MIT Center for Cancer Research
Director: Dr. Dr. Tyler Jacks • 77 Massachusetts Avenue, Room E1 7-11 0, Cambridge, MA 021 39-4307 • Phone: 617-253-6403 • Web site: http://web.mit.edu/ccr/
Since its founding in 1974 by Professor and Nobel Laureate Dr. Salvador Luria, the MIT Center for Cancer Research (CCR) has been funded by NCI as a basic-science Cancer Center. Its mission is to apply the tools of basic science and technology to understanding how cancer is caused, progresses, and responds to treatment. The MIT CCR currently has 30 members, including 2 Nobel laureates, 12 members of the National Academy of Sciences, and 5 Howard Hughes Medical Institute Investigators. Its overall work force has approximately 500 staff, including more than 175 postdoctoral fellows, more than 175 graduate students, and approximately 75 undergraduate students. In addition to their research in areas such as cancer biology, chemistry, engineering, and computer science, most of the Center's faculty members collaborate on research with outside clinical centers and hospitals.
Investigators at the MIT Center for Cancer Research conduct basic-science research. In addition to working with material from human tumors and tumor-derived cell lines, MIT CCR investigators work with mice, fruit flies, zebra fish, and yeast - organisms in which the fundamental cellular processes are shared with humans - to help answer questions about the development and behavior of cancer cells in human patients.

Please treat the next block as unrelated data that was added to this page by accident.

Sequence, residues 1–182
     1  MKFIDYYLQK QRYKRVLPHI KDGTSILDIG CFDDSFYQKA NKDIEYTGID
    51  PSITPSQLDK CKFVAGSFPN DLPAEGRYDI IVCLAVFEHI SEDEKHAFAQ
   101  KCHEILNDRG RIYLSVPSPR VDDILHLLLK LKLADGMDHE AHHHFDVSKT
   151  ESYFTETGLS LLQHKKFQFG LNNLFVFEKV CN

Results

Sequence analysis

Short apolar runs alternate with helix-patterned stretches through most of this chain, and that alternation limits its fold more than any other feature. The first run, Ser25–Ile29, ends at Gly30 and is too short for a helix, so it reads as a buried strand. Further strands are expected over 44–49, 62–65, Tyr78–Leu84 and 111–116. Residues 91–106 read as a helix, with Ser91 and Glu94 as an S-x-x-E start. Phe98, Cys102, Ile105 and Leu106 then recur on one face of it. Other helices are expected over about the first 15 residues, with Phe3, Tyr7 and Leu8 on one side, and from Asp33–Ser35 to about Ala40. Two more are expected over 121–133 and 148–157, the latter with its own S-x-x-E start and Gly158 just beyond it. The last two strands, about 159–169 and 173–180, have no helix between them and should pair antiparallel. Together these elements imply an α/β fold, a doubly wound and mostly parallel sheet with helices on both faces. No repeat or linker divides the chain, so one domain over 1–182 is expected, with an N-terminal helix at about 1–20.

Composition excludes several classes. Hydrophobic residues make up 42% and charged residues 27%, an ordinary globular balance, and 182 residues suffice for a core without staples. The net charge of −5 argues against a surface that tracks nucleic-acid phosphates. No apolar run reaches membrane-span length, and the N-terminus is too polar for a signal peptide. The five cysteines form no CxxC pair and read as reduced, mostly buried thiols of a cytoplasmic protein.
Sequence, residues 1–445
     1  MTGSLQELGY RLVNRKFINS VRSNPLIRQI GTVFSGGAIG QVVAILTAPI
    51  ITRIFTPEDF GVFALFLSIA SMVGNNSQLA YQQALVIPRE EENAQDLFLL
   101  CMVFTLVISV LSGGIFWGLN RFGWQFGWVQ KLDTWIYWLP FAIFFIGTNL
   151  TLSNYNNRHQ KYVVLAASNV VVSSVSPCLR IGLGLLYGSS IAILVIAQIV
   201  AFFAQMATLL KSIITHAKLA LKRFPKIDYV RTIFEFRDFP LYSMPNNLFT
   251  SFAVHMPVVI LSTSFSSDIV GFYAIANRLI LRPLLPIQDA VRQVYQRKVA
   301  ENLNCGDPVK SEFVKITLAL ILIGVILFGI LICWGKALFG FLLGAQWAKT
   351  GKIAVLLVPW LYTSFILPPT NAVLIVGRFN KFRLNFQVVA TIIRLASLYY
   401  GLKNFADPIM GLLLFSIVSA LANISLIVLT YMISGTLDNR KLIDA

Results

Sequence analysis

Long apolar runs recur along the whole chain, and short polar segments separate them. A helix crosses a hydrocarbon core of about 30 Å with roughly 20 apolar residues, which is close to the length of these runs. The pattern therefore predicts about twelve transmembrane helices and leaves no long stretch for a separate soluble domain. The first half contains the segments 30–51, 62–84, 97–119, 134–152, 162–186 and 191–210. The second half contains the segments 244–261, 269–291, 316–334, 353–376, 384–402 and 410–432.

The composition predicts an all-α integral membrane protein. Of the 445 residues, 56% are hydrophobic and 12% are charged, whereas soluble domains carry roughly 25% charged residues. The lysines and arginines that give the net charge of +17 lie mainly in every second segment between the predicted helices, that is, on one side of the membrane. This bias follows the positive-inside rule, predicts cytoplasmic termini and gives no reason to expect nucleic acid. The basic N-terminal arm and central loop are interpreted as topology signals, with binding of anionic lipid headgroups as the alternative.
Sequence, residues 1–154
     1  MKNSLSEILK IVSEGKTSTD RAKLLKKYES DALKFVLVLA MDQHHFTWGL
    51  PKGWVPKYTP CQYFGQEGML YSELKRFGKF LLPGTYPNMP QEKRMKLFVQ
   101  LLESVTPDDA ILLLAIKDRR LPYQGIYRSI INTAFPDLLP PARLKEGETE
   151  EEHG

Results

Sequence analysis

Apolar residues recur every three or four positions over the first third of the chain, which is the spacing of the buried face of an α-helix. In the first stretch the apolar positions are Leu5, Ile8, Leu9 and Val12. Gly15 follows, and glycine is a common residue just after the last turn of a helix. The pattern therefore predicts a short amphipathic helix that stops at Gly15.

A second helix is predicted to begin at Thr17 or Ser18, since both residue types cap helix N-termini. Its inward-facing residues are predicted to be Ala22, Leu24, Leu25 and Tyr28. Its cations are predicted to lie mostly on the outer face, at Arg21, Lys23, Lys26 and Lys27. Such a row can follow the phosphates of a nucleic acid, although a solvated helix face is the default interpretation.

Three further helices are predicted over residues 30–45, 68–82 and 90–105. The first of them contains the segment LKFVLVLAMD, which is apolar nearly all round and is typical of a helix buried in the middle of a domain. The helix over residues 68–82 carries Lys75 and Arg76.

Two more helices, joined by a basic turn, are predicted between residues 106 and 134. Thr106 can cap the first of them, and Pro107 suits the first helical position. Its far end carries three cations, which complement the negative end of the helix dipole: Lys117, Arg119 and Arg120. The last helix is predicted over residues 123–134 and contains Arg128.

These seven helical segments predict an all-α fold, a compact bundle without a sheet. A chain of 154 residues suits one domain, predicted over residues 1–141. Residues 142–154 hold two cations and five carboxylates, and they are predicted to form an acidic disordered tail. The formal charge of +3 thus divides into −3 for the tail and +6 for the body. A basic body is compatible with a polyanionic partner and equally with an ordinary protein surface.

Using this approach, the MIT CCR has pioneered technologies that are now part of the standard practice in cancer research and patient treatment. Some examples include identifying the first oncogene, cloning the first tumor suppressor gene, and transforming the first normal human cell into a cancer cell. By identifying the molecules Abl and Her2/neu as potential targets for cancer therapy, MIT CCR researchers helped lay the groundwork for the development of the cancer drugs Gleevec (imatinib) and Herceptin (trastuzumab), respectively.
Other Notable Programs
The MIT Center for Cancer Research is part of NCI's Mouse Models of Human Cancer Consortium, a group of investigators at more than 70 institutions worldwide that collaborate on the development, characterization, and distribution of mouse cancer models for the benefit of the broader scientific community.
The MIT CCR also participates in the NCI Integrative Cancer Biology Program. This program involves a multi-investigator grant to support the application of mathematical and computer-modeling methods, such as those common in the engineering disciplines, to the study of cancer. MIT is one of only nine centers in the country that receive funding from this NCI initiative.
The MIT CCR also administers the MIT-Harvard Center for Cancer Nanotechnology Excellence, one of only seven that are funded by NCI. Through this initiative, researchers at MIT are pursuing nanotechnology that will enable cancer detection and monitoring, as well as allow targeted delivery of drugs and imaging agents.